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February 11, 2023

 - published by 

Robert Briese

4 Big Ideas to Improve your Sprint Review

4 Ideen um das Sprint Review zu verbessern

Many organizations don’t maximize the success they could have with Scrum by focusing the Sprint Review on the following:

  • Developers demonstrate work that was done in the last Sprint to the Product Owner and answer questions about the Increment.
  • The Product Owner accepts the items that have been “Done” and decides what wasn’t “Done”.
  • The team celebrates the effort and moves on to the next meeting (Sprint Planning).

While all those things are either mentioned in the Scrum Guide or seen as “good practices” in many organizations, in my opinion, all of them miss the opportunity of getting the best out of a given Scrum event: to inspect and adapt the product and continuously focus on what to do next in order to maximize delivery value.

Here are my top 4 suggestions regarding the Sprint Review:

  1. Get real customers and/or end-users involved in the Sprint Review.
  2. Have the Product Owner (or someone supporting) provide insights about how the product performs, existing timelines, budgets, and marketplace opportunities to maximize any learning about the impact a product has.
  3. Let customers and/or end-users experience the features of the product that the team implemented as much as possible hands-on.
  4. Give every participant a chance to actively collaborate on how to adapt the Product Backlog to reflect feedback and work on what’s most important next (with the Product Owner having the final say).

Let me elaborate more on each of the above points.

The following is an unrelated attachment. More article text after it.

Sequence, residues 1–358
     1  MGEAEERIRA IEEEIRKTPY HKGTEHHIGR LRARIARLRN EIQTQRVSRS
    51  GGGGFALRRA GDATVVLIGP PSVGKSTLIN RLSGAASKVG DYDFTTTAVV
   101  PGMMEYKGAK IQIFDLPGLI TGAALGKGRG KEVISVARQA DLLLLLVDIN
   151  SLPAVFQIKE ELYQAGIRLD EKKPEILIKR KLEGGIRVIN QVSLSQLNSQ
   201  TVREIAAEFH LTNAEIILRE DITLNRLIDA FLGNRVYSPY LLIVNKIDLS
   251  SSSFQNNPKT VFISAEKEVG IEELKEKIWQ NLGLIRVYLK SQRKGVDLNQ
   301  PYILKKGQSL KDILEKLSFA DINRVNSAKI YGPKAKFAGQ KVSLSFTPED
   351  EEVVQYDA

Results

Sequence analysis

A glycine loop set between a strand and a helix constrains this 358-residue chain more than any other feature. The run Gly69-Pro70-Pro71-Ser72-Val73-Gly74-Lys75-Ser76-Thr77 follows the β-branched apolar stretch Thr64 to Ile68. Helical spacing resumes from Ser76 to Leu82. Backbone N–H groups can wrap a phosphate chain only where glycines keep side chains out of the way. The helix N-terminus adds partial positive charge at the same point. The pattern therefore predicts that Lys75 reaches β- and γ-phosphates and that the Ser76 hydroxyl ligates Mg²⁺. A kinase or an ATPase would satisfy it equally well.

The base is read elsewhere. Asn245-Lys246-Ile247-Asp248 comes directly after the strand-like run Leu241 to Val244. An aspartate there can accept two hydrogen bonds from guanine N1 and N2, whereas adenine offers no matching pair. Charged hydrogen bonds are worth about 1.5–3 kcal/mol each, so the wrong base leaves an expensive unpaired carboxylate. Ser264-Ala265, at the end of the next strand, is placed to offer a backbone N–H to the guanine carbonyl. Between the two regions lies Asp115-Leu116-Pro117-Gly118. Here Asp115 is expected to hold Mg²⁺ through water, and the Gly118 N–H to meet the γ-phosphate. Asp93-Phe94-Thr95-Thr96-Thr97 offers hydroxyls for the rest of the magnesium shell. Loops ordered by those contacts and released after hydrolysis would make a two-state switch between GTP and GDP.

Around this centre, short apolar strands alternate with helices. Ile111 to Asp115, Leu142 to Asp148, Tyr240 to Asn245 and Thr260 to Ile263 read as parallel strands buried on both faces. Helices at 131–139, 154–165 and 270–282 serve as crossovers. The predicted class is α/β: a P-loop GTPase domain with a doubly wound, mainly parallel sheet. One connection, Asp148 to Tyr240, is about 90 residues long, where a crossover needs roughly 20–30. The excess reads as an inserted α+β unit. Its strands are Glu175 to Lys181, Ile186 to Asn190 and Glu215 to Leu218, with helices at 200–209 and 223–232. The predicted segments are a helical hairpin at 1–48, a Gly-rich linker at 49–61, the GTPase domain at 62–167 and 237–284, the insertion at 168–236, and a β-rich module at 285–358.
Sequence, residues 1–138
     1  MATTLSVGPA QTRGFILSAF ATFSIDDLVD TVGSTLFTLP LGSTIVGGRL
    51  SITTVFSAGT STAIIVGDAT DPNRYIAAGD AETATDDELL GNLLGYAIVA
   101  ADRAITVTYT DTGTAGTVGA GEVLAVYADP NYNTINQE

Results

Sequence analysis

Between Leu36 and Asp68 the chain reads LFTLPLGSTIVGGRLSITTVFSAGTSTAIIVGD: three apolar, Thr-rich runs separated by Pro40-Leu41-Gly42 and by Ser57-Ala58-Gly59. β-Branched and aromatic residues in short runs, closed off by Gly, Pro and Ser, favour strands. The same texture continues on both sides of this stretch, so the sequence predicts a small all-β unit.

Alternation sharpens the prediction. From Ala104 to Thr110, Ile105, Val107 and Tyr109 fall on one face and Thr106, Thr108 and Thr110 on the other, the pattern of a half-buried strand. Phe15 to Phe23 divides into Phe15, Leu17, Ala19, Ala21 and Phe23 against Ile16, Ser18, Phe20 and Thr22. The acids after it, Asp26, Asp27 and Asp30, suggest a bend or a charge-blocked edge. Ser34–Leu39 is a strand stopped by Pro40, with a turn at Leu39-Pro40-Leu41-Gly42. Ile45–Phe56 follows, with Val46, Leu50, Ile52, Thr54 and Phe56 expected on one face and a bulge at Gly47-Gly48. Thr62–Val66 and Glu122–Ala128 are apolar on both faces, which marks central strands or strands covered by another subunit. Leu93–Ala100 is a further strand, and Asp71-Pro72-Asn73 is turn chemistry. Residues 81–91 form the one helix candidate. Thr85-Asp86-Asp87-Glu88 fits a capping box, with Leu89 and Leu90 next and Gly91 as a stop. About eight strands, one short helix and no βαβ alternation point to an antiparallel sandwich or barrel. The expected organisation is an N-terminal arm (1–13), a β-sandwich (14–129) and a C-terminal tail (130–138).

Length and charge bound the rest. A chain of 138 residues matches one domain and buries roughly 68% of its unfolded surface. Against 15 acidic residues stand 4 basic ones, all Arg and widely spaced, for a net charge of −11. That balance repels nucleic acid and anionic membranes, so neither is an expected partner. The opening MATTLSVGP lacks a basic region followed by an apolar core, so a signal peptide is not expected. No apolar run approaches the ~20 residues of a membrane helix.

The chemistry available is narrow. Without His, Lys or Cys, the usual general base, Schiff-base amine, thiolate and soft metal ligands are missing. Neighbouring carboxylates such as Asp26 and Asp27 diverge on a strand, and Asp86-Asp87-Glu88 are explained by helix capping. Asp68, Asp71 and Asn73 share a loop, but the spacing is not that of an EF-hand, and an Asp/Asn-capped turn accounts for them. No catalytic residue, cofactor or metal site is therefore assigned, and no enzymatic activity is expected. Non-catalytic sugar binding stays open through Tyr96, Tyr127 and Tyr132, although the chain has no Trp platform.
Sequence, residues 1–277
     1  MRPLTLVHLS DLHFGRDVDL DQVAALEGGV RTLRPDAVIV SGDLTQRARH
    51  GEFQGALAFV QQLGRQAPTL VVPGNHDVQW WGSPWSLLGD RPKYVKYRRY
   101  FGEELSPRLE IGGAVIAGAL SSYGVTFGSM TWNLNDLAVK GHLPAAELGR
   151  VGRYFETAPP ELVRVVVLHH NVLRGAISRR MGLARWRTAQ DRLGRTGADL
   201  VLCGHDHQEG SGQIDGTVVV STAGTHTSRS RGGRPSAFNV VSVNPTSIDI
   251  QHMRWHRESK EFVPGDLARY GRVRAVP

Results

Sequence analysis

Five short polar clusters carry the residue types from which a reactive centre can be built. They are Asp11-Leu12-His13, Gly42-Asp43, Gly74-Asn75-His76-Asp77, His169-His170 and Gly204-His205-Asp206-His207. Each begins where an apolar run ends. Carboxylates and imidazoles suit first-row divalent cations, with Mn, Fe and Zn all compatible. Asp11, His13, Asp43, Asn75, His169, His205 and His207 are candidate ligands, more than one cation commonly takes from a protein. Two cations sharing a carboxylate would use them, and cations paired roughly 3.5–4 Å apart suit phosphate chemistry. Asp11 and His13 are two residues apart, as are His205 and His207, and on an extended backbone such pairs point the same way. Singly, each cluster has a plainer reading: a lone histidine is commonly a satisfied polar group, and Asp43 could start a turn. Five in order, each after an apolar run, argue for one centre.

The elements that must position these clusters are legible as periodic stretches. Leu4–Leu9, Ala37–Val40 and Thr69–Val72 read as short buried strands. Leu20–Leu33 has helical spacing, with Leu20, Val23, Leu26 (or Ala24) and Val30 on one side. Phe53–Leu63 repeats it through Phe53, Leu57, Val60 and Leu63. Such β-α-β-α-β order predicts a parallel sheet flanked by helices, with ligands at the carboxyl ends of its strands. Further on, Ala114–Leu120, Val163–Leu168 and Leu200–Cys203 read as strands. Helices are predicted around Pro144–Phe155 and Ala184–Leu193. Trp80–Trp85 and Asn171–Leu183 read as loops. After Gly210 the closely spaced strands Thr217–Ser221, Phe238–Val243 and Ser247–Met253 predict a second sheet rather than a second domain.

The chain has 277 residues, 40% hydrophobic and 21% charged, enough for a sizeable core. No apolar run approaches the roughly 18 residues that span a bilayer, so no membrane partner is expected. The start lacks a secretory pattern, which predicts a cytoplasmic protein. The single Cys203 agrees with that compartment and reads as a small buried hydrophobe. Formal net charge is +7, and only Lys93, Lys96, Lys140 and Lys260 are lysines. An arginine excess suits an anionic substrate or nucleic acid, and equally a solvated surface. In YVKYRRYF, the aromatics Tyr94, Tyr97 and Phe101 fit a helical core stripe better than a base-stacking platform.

1. Get real customers and/or end-users involved in the Sprint Review

Scrum suggests integrating stakeholders in the Sprint Review, but often, I only see developers presenting the product increment to the Product Owner and sometimes Product Owners from other teams. This is often a sign that the team is a component team that only focuses on some technical parts of a given system that need to be integrated with work from other teams, which automatically leads to waterfall development. This can only be changed by changing your organizational design to create feature teams that implement end-to-end customer requirements, as suggested in LeSS. But even when having feature teams, I’ve seen many organizations do Sprint Reviews without actual customers or end-users because they weren’t sure about how to find, motivate and involve the right people. If you build an internal product (like a CRM system), the customers should be the people using that system. This means it shouldn’t be difficult to find and motivate them to join your Sprint Review. If you’re building a market-facing product, then you usually have a marketing department (if people are not integrated into the teams) as well as a selected group of first adopters that love your product and use it extensively – If you don’t, you might want to reconsider if it’s worth investing more in product development. It shouldn’t be hard to integrate at least a few different individuals from those groups in your Sprint Review.

2. Have the Product Owner provide insights about how the product performs, existing timelines, budgets, and marketplace opportunities